Mental Math: Estimation

Mike McGarry
Lesson by Mike McGarry
Magoosh Expert
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One helpful math technique on the ACT is estimation. Yes, you get a calculator, but doing the exact calculation is not necessary on every problem. Remember while the ACT asks you to perform calculations, it cares more about your ability to simplify problems with logic. So here's a question.

Pause the video, read this question, and then we'll talk about this. All right, so let's talk about this. For that problem, we could use the calculator to do an exact calculation, but that's not necessarily the best way. An exaction calculation would involve fractions or decimals because 21 is not divisible by 5.

But, we realize that 21 is very close to 20, which is divisible by 5. That will be a much quicker, neater calculation. So instead of a temperature 21, we're gonna say it's a temperature of 20. Well then, 20 / 5 becomes 4, that's very easy. 9 x 4 is 36. 36 + 32 is 68.

So that means that a Celsius temperature of 20 degrees corresponds to a Fahrenheit temperature of 68. So if it goes up 1 degree Celsius, then it would go up nine-fifths of a degree in Fahrenheit, so it would be something slightly bigger than 68. It would be something very close to 70, and that's the answer.

So notice that we could hone in on an answer without doing an exact calculation. Just by very simple approximation we could get that answer. With that problem, we are able to get the exact answer more easily simply by rounding to a close value. Sometimes, we can isolate a single answer. But even if we can't, estimating is an excellent way to eliminate answers and guess, especially if you don't know how to to do the problem or if you are running out of time.

So it's a very important strategy to keep up your sleeve. Here's another question. Pause the video and then we'll talk about this. Okay, when a company places a wholesale order on coffee cups with the company logo on it, it pays $692 for 80 cups. Well hm, that's kind of an ugly number, $692.

When Phil wants to buy just 1 cup, it costs him 12.50. How much is he paying above the wholesale price? So obviously there is a difference. Whatever $692 divided by 80 is, is gonna be less than $12.50. The company is making some kind of profit and we want to know about what is that profit.

So first of all, there's no way if he's only paying $12.50, that he's paying $14.25 above the wholesale price. The wholesale price, whatever it is, whatever $692 divided by 80 is, that's a positive number certainly. And so, there's no way that he's paying $14.25 over the wholesale price if he's only paying $12.50.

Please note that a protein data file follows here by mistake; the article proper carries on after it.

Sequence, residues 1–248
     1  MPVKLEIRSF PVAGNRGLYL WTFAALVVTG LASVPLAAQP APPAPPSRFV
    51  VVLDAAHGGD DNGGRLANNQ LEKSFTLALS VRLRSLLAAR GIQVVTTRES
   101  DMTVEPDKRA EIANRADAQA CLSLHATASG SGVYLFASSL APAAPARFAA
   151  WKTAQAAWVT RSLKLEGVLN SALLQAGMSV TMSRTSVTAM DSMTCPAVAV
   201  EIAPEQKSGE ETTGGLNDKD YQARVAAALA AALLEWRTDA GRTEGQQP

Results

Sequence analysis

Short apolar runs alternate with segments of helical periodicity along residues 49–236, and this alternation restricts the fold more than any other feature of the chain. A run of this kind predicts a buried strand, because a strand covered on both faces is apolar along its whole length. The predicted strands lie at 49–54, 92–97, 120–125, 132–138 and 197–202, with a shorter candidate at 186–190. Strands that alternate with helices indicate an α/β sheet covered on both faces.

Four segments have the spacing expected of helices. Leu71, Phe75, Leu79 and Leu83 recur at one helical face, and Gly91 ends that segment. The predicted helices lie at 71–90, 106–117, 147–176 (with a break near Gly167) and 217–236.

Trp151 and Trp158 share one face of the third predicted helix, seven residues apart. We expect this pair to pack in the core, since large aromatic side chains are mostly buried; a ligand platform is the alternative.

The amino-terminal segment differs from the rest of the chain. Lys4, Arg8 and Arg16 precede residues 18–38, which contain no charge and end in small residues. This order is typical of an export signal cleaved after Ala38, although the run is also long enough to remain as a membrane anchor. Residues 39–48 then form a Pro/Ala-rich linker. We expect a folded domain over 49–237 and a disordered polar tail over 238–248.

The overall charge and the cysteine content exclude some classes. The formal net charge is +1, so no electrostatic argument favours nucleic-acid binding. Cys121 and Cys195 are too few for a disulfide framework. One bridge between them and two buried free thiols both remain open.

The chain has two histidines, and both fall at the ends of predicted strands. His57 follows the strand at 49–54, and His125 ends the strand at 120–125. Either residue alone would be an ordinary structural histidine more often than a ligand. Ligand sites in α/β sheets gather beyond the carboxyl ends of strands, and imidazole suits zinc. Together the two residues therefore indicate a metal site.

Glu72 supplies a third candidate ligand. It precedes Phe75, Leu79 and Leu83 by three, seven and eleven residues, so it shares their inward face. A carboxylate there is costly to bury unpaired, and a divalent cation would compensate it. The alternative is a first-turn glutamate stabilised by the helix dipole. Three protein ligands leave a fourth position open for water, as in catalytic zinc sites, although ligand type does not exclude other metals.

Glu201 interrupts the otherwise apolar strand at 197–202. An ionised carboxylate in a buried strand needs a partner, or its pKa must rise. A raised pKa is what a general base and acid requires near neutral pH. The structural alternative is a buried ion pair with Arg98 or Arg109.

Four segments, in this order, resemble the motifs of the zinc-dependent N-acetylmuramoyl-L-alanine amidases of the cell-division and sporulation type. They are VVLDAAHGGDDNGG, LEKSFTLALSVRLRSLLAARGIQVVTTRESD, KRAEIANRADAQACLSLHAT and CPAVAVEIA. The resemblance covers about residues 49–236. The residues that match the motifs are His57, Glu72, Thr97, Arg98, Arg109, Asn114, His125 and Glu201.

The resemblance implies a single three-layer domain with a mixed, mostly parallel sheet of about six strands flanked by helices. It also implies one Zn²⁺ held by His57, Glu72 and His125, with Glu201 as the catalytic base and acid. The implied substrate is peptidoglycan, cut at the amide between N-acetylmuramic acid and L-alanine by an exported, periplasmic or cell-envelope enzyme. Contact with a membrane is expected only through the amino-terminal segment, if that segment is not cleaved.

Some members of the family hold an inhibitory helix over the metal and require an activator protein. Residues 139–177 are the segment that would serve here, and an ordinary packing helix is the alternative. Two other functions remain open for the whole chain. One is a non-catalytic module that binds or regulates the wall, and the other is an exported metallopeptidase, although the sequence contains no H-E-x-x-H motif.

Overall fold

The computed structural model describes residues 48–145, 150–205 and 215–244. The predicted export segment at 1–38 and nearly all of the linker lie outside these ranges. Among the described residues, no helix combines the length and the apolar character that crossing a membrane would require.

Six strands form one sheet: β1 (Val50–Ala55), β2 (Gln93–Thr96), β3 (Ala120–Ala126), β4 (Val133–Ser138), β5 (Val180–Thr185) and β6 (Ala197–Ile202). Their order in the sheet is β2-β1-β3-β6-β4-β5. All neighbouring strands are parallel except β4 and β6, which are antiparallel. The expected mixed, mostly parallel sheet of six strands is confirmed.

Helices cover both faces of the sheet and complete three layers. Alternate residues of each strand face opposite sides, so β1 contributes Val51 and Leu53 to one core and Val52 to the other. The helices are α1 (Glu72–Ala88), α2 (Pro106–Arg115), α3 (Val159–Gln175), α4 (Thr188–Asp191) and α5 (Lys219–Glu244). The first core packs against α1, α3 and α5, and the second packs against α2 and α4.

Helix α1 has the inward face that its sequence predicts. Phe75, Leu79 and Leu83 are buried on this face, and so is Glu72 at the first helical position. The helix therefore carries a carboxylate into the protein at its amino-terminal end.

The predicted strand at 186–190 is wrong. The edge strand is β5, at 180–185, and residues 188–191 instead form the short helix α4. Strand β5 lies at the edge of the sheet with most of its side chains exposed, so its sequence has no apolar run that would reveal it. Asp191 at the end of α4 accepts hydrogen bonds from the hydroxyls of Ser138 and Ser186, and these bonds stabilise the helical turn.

So, E is just an unreasonable answer. So what we're gonna do is we're gonna take that ugly number 692, and round it up a bit. We're gonna make a little more expensive, okay? In fact, the company paid a little bit less, so it's gonna make a little more of a profit.

But let's just figure out approximately what kind of profit would it make If it paid $720. And the reason I picked 720, it's very easy to divide that by 80. So 720 divided by 80 would be $9 per cup. Well, $9 per cup, if that's what the company is paying, in fact they're paying a little less than that.

But if they're paying $9 a cup, then that means they would be making a profit of around $3.50. Well in fact, they're paying a little bit less than $720, so it's a few pennies less than $9 a cup. So it's gonna be a few pennies more than $3.50. Well right away, that's enough to isolate what the answer's gonna be.

We know the answer will be B, $3.85. Here's another question. Pause the video, and then we'll talk about this. Okay. So to attend this dance, Sarah must buy shoes for $47, earrings for $16, and a ticket to the dance for $25.

There'll be an 8% tax on the shoes and earrings. What is the total amount Sarah must pay? Well first of all, let's just approximate, forget about the tax for a moment, let's just add up those three prices. We add up those three prices with no tax, that's $88. So with tax, it's gonna be a little more than that.

So, right away we know certainly she has to pay more than $88. So, the first two answers are just out. So even if we were running out of time where we didn't know how to do any other calculation beyond this, well right there, we can eliminate two answer choices. It strongly increases our odds of guessing correctly. But let's see, this is not too hard of a calculation.

And so we'll just look at this. So the part that we're paying tax on, that's the shoes plus the earring. That's the taxable part, that's $63. Well let's think about this. Figuring out 8% of that would be a bit of a pain in the butt. We don't necessarily wanna do that, but here's an easy way to think about it.

It's easy to figure out 10% of that. 10% percent of $63 is $6.30. Well, what's half of that? Divide that by 2. 5%, would have to be $3.15. So, we know that an 8% tax is gonna be somewhere between $3.15 and $6.30.

And so, if we add $3 to $88, that already gets us up to $91, so we have to be higher than $91. And so the only possible answer at this point is answer choice E. Sometimes, by the clever use of estimation, we can simplify a calculation and solve it without a calculator. Often, estimation allows us to eliminate one or two answer choices, and this can be very useful when we are guessing.

Estimation is also a very important skill to check with the reasonableness of your answers. Is it reasonable that the person would pay that much, that the temperature would be that high? Think in terms of real world references, is this something that makes sense in the real world?

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